“Guy in the chair”

Here’s an unpopular opinion for you: I enjoyed The Amazing Spider-Man 2. Yes, the one with a blue Jamie Foxx. The only reason I bring it up is to say even I was dreading the proposed villain team-up spin-off and inevitable trilogy capper seemingly arriving at a place wherein Peter Parker’s parents would reveal themselves as being crucial to whatever really happened with that fateful radioactive arachnid. But that doesn’t mean I wanted another reboot. It was bad enough that Sony had already scrapped one failed attempt at a sequel (Tobey Maguire‘s potential fourth outing) to bring Andrew Garfield and a “younger” vibe onscreen. To do it twice in one decade, though? Pump the brakes, guys. You have to stick to your guns and follow through at some point. Right?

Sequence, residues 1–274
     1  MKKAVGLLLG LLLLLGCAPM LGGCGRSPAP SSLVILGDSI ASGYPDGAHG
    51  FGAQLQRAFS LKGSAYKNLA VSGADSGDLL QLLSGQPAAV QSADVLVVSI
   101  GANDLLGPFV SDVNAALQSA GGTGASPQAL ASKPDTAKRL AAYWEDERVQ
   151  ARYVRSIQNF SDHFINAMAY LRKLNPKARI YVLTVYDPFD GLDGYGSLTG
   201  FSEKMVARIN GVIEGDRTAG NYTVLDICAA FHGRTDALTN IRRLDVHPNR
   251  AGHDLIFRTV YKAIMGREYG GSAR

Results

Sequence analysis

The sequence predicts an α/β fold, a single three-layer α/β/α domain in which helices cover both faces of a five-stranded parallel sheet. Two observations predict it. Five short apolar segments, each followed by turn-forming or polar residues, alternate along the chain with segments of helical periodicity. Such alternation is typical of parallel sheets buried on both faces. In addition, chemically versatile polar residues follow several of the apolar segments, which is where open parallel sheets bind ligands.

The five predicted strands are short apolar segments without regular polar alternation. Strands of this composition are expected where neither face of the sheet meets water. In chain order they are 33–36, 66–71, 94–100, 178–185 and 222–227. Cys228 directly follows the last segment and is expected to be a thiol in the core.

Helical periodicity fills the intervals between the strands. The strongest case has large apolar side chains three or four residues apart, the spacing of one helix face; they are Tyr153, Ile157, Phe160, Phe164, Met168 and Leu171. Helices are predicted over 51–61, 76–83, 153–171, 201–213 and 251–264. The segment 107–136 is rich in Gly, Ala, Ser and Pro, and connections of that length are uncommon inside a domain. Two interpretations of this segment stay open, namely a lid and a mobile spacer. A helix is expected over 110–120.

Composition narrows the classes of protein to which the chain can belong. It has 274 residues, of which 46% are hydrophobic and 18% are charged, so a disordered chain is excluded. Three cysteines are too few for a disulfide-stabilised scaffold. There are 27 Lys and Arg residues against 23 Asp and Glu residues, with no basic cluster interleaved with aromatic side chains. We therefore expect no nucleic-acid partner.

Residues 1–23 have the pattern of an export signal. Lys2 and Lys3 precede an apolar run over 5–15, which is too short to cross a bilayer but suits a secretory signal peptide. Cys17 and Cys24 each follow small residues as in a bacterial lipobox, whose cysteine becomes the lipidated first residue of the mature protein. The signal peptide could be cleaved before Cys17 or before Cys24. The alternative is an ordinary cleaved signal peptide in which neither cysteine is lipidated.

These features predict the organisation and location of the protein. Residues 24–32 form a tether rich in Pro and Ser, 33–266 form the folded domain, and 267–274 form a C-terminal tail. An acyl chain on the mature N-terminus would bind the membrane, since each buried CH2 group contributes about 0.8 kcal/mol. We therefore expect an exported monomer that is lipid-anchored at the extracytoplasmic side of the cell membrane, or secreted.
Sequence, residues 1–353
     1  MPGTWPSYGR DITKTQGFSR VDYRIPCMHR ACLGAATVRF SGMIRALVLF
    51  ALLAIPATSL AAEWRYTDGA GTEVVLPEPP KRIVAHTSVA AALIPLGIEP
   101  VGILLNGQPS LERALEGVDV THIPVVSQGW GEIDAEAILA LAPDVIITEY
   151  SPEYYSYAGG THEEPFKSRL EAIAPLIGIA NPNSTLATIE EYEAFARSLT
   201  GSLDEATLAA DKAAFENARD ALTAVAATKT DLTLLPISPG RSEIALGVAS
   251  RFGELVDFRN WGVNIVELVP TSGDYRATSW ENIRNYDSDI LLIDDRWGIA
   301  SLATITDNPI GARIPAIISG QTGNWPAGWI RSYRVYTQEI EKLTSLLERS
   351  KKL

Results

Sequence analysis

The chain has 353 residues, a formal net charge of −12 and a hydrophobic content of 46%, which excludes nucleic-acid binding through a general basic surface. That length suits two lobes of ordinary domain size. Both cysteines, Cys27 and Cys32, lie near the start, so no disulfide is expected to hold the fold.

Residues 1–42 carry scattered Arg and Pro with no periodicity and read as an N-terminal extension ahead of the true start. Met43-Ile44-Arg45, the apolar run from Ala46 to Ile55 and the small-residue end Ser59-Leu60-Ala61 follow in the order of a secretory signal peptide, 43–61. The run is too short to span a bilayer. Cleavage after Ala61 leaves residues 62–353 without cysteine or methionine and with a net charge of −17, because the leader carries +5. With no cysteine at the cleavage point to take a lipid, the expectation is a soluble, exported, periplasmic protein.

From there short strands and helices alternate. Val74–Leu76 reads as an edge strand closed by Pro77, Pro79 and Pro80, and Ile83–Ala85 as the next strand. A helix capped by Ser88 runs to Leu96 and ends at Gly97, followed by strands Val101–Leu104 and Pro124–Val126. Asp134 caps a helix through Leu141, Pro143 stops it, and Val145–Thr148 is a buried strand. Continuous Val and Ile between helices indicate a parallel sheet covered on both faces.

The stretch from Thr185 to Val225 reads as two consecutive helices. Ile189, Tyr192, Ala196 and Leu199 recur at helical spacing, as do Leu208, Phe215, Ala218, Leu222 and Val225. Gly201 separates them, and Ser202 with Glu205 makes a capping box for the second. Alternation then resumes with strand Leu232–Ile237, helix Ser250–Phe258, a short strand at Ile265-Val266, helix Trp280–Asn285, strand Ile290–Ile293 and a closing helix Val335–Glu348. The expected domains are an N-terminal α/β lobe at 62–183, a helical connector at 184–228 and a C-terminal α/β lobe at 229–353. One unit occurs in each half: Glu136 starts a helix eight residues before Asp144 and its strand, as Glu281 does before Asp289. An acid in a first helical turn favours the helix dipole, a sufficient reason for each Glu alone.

Wrong. There was another option that could feasibly get the planet psyched for another character reboot after all. Marvel could swoop in and do the impossible: find common ground to strike a deal and bring everyone’s favorite neighborhood superhero into the Avengers fold. The partnership would end up convoluted on the legal front (Disney’s Marvel Studios arm would get to make the movie while rights holder Sony financed, marketed, and reaped the profits), but it is pretty streamlined story-wise. Gone is the overwrought melodrama, the desire to jam in as many recognizable characters as possible in a single movie, and the insecurity of having nowhere to go while older brother MCU headed towards infinite heights. This revamped Spidey’s world was already built. We simply had to enter it.